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Truck
March 14, 2009, 03:29 PM
I am coming back into handgun shooting again after taking a little over a year off from it all. I now have a problem with shooting low and to the right ALL the time. I am a left handed shooter shooting an XD9 and a HK45C. I can cut a ragged hole at 5-7 yds, to the lower right of the center of the target. The further I go out, the worst it gets. Any ideas? I don't want to have to compensate for my poor shooting, but I don't know what I'm doing wrong. I don't think I'm flinching or anticipating recoil, but I'm stuck. I am keeping both eyes open and focusing on that front sight, just can't get it to where I want it.

Advice welcome!
Steve

Brian Pfleuger
March 14, 2009, 06:15 PM
Does this offer any insight?

http://www.thefiringline.com/forums/attachment.php?attachmentid=43993&d=1237072260

MrNiceGuy
March 14, 2009, 06:20 PM
Sounds like you have too much finger on the trigger.

it will cause most to pull to the right and down slightly
try moving the finger/trigger contact point closer to the tip or at least middle of the end of your finger


or this may help
http://img408.imageshack.us/img408/2926/correction.jpg

armedandsafe
March 14, 2009, 07:32 PM
Remember that the chart above is for right handed shooters. Reverse it side to side for us left shooters.

It sounds as if you ar not getting enough finger on the trigger and are pushing sideways. This can also be caused by pulling the trigger with all of your fingers instead of just the trigger finger. Another possible cause is not having the backstrap of the gun deep enough into the palm of your hand.

Have someone look over your shoulder as you fire and watch the fron sight. Once he has established the point at which you shift the tip of the barrel, have him start watching your hand, standing at the palm side of your shooting hand. This might pinpoint the muscle movement that is pulling the POA down and right.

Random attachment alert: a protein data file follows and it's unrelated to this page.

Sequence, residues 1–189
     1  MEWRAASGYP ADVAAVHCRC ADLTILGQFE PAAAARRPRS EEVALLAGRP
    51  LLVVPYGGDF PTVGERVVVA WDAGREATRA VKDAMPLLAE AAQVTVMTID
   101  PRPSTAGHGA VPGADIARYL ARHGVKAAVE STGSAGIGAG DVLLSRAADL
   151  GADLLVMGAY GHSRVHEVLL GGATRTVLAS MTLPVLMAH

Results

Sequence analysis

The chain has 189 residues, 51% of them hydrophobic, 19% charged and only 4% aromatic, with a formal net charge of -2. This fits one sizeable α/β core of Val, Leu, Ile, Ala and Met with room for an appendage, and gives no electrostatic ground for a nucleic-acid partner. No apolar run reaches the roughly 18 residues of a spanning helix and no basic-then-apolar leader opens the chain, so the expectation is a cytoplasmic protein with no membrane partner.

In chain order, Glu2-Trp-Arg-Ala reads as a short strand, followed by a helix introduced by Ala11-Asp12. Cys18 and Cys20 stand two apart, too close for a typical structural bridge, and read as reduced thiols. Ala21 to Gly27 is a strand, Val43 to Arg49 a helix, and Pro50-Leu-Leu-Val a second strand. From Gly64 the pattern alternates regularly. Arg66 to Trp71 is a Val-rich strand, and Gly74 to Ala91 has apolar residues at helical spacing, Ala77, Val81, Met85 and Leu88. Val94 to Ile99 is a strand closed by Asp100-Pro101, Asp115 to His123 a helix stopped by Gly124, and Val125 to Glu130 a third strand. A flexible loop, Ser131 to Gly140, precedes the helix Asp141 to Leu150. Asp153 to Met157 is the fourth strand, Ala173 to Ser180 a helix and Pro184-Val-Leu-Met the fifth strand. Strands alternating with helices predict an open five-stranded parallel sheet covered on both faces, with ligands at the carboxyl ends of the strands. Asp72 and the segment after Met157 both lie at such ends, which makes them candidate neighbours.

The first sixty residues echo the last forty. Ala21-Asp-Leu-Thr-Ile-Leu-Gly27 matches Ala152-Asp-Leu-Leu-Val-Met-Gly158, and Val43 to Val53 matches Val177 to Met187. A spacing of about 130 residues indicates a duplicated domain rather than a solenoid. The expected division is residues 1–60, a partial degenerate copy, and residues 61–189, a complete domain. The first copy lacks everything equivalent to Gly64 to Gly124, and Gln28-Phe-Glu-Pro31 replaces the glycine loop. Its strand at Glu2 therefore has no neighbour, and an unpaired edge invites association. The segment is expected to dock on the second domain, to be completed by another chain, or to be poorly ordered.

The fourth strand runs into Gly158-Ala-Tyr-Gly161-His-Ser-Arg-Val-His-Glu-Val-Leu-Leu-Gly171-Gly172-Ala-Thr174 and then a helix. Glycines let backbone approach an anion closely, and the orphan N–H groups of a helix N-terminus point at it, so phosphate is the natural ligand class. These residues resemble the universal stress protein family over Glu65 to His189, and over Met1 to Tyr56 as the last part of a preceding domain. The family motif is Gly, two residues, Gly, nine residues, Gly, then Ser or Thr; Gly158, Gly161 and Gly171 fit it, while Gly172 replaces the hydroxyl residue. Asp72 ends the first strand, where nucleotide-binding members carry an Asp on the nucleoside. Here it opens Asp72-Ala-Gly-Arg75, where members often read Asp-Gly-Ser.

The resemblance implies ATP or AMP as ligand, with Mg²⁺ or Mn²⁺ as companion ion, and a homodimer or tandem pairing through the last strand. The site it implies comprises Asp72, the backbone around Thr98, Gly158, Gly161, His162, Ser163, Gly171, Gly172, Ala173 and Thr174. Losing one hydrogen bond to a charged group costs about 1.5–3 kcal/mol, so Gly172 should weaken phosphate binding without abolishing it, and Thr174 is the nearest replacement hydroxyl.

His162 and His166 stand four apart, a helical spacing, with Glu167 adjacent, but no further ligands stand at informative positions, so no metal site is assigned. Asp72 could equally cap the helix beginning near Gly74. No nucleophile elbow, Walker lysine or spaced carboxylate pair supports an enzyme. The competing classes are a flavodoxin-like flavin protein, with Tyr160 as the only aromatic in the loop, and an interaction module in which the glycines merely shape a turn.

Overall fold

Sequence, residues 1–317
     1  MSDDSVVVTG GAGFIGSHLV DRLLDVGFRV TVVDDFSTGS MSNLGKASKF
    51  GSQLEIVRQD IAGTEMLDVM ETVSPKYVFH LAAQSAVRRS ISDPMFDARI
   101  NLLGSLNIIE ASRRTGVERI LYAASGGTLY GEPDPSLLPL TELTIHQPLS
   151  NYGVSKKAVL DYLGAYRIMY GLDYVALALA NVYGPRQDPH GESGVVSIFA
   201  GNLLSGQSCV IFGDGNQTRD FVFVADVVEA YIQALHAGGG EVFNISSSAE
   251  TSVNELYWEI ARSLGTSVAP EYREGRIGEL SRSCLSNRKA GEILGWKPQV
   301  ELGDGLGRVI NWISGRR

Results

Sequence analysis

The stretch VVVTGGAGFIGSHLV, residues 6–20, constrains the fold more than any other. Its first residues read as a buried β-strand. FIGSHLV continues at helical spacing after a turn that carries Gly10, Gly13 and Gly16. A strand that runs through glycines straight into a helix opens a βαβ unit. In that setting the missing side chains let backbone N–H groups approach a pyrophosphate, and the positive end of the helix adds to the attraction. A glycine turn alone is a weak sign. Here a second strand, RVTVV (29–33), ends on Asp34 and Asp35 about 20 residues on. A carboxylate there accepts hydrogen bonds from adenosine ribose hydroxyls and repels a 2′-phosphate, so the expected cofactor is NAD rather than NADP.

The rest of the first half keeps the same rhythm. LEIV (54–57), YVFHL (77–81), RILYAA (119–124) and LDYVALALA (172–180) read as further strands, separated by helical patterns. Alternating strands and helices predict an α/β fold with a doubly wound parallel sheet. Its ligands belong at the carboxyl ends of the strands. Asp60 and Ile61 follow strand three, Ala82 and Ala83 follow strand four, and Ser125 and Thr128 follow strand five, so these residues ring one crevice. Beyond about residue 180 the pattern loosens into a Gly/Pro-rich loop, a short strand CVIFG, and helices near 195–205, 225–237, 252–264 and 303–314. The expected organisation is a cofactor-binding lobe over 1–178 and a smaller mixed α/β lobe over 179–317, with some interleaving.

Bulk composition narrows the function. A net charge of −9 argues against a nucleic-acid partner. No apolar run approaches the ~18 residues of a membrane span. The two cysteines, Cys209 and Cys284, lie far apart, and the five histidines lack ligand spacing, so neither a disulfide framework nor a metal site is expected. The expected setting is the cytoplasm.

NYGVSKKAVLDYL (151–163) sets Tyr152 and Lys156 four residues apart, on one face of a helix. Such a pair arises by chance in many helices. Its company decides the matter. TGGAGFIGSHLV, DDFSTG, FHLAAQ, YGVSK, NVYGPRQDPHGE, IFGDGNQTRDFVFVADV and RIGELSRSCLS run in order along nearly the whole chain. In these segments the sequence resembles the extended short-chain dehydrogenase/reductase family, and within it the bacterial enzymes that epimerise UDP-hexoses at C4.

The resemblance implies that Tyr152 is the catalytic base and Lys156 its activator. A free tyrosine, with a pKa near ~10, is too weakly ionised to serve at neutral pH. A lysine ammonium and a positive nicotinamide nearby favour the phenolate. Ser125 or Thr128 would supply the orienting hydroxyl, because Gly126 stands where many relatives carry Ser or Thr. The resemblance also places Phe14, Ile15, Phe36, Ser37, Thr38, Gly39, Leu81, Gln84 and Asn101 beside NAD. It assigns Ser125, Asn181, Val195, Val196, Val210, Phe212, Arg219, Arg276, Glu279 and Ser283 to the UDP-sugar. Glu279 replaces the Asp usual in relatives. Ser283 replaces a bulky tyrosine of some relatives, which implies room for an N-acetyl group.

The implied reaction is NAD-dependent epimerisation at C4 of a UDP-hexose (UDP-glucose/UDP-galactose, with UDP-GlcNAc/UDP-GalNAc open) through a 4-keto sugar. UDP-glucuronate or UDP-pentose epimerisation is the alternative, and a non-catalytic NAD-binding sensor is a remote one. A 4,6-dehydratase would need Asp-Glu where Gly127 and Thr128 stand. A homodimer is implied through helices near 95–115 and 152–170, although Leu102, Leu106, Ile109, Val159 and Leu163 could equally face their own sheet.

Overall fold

Pops

MrNiceGuy
March 14, 2009, 07:52 PM
Remember that the chart above is for right handed shooters. Reverse it side to side for us left shooters.
I completely missed when he said he was a southpaw.

sorry for the mistake.
So, yes, reverse my suggestions for your shooting style

TEDDY
March 20, 2009, 08:17 AM
my chart says "JERKING"snatching at stock would be for right handers.I have got to start up my scanner.I can never get the red X to come up.

mrray13
March 21, 2009, 10:44 AM
the chart above says the same thing...my guess is you're jerking/slapping the trigger. sometimes, that's done in anticipation of recoil...


a test..dry fire, focus on the sight. see where it starts on trigger pull and where it ends...also, buy some snap caps/dummy rounds. load them randomly in a magazine, but never the first round. see how you shoot, and what happens when you land on the dummy. having another pair of eyes behind you doesn't hurt.


a smooth, consistant, straight rearward pull is what is required. slow down your shooting until you see that you are hitting POA, then speed back up.

QBall45
March 21, 2009, 03:17 PM
After rereading the OP and the rest. I would tend to think that impact being low and right for a left handed shooter indicates tightening fingers and or grip while mashing the trigger.

mrray13 has the right idea with the snap caps and having another set of eyes to watch. You could also set up your video camara.

James K
March 23, 2009, 09:45 PM
Yes, it is a dumb statement, and I apologize in advance, but have you targeted the guns to make sure they don't shoot that way?

Also, remember that handguns are sensitive to the way they are held and the way they are rested. If you are shooting off hand, that is probably not applicable, but if you are resting the gun, point of impact can be affected.

Jim

Casimer
March 23, 2009, 10:12 PM
I'm a lefty as well, and I'll get a low-right shot from jerking. Be sure that you're not attempting to stage the trigger - don't hesitate once you begin the trigger stroke, bring it back with constant pressure on the trigger face.

And try dry firing. Don't accept any deflection of the front sight. Work on it until there's no disruption of the sight alignment when you release the shot.